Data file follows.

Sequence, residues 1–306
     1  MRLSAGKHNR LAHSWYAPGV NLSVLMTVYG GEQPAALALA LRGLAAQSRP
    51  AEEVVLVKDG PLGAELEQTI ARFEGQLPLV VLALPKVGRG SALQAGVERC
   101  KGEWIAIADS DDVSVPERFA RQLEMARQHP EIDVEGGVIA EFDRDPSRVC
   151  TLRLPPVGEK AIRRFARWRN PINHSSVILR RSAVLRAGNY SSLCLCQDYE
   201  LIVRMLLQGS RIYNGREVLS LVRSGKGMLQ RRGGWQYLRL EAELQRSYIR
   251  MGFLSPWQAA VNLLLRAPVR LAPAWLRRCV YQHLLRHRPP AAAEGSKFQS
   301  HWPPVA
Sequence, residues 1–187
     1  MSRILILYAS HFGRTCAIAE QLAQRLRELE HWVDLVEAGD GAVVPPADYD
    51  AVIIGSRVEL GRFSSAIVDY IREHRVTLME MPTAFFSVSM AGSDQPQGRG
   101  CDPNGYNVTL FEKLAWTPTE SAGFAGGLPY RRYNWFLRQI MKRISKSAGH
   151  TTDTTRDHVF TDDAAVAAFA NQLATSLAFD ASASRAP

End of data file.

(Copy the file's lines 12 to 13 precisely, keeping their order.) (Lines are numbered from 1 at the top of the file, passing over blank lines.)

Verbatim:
   101  CDPNGYNVTL FEKLAWTPTE SAGFAGGLPY RRYNWFLRQI MKRISKSAGH
   151  TTDTTRDHVF TDDAAVAAFA NQLATSLAFD ASASRAP